Dare To Discipline
They shall say to the elders, "This son of ours is stubborn and rebellious" (Devarim / Deuteronomy 21:20).
The Torah is much harsher in dealing with bad behavior than many of our modern societies. One example of that is found in Devarim (English: Deuteronomy) chapter 21, verses 18-21. The people of Israel were instructed to deal decisively with their rebellious children. In fact in extreme cases they were told to present their children to the leaders of the community for execution.
While I do not think that we are to take this extreme measure in our day, this passage reveals certain things about parental responsibility that I think we would do well to take seriously.
First notice that it was assumed that children were to obey their parents. How many of us are embarrassed by such a concept. Of course when our children are very small, we tell them what to do. But as they grow up we usually spend more time wishing our children would do as we say, than they do obeying us.
Since many societies have a very low view of any kind of authority, we tend to think that the concept of obedience is oppressive and restrictive. We have forgotten that as adults we are the ones who are supposed to know what is best for our children and that our instructions are to benefit them. We all know that it is harmful to allow our children to do whatever they like. Yet for some reason we are scared to take responsibility for their lives.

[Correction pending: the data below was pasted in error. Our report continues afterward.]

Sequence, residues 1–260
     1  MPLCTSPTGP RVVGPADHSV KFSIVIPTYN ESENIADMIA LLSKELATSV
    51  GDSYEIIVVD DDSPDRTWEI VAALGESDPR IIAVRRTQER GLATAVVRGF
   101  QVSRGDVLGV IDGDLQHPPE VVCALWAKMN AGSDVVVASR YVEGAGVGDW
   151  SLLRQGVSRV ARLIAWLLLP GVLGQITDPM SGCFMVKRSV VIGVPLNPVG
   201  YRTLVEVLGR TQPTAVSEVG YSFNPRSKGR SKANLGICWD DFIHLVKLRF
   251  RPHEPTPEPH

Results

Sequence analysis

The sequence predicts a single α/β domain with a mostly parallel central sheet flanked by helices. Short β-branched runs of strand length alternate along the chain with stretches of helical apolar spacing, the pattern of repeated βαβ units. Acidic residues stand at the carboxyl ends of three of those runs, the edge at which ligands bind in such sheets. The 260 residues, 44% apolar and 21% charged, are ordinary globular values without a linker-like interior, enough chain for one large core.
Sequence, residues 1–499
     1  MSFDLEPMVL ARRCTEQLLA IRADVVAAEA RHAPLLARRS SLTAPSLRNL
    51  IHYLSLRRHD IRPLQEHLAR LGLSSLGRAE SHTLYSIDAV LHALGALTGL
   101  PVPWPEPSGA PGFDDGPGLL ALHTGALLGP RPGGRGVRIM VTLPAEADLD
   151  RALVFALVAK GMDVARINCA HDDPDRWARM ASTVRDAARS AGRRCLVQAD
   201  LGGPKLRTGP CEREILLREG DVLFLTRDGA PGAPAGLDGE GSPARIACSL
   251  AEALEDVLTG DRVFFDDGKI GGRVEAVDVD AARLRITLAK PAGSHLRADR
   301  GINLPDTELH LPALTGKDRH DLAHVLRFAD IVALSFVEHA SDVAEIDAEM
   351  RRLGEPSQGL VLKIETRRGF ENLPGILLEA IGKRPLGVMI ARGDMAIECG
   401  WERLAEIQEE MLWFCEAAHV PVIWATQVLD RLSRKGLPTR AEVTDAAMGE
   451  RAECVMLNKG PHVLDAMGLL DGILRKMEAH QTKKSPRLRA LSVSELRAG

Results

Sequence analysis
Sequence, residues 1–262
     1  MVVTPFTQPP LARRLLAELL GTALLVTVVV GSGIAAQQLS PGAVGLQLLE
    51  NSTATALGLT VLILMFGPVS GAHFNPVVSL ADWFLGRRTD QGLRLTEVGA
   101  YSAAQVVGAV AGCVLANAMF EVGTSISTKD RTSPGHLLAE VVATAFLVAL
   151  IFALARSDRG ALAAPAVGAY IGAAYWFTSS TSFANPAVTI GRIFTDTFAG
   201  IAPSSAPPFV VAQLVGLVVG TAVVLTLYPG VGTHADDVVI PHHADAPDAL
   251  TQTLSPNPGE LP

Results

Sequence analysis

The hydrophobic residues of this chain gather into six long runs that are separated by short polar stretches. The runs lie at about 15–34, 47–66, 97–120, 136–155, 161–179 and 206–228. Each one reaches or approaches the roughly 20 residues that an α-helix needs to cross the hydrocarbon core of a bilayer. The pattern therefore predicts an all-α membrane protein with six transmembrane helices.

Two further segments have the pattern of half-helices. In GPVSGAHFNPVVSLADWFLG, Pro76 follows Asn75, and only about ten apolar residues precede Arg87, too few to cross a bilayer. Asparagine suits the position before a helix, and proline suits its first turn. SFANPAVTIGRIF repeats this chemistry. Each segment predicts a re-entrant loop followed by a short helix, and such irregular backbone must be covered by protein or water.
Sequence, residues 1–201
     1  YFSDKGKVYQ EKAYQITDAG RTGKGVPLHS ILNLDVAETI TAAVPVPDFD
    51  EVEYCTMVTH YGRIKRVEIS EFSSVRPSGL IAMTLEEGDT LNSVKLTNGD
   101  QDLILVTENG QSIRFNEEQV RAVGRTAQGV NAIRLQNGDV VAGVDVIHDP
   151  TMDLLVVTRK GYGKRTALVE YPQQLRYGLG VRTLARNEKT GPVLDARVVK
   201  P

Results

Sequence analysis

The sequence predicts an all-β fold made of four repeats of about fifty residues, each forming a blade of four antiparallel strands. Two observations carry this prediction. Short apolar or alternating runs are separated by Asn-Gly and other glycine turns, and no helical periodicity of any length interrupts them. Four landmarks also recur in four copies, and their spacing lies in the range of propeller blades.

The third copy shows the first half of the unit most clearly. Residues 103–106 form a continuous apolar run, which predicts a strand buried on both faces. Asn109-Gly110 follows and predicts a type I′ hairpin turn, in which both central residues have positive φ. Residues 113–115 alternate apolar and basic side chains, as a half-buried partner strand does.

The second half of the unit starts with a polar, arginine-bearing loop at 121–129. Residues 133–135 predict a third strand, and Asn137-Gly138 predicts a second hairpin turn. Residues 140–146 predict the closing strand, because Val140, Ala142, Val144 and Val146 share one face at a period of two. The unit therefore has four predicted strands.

We need to realize how critical it is for us to raise our children correctly, so that they do not give themselves to wild living. The Torah calls this kind of lifestyle evil and should not be tolerated.
Second, if our children do not obey us, we are to discipline them. While the method of discipline used may differ from child to child and situation to situation, we need to call our children to account for their actions so that they will learn to conduct themselves properly.
Third, it is the parents' responsibility to initiate the consequences for their children's rebellion. We are not to wait for the authorities to take charge of our children, God has appointed us as parents to do it.
Finally, after the parents have done their part, the community takes it from there. The final consequence is initiated by the parents, but they do not actually bring it about. When things get to this point, the leaders of the community become responsible for the child. If parents and the community at large would each understand their roles and how they relate to each other, our children would stand a much better chance in life.
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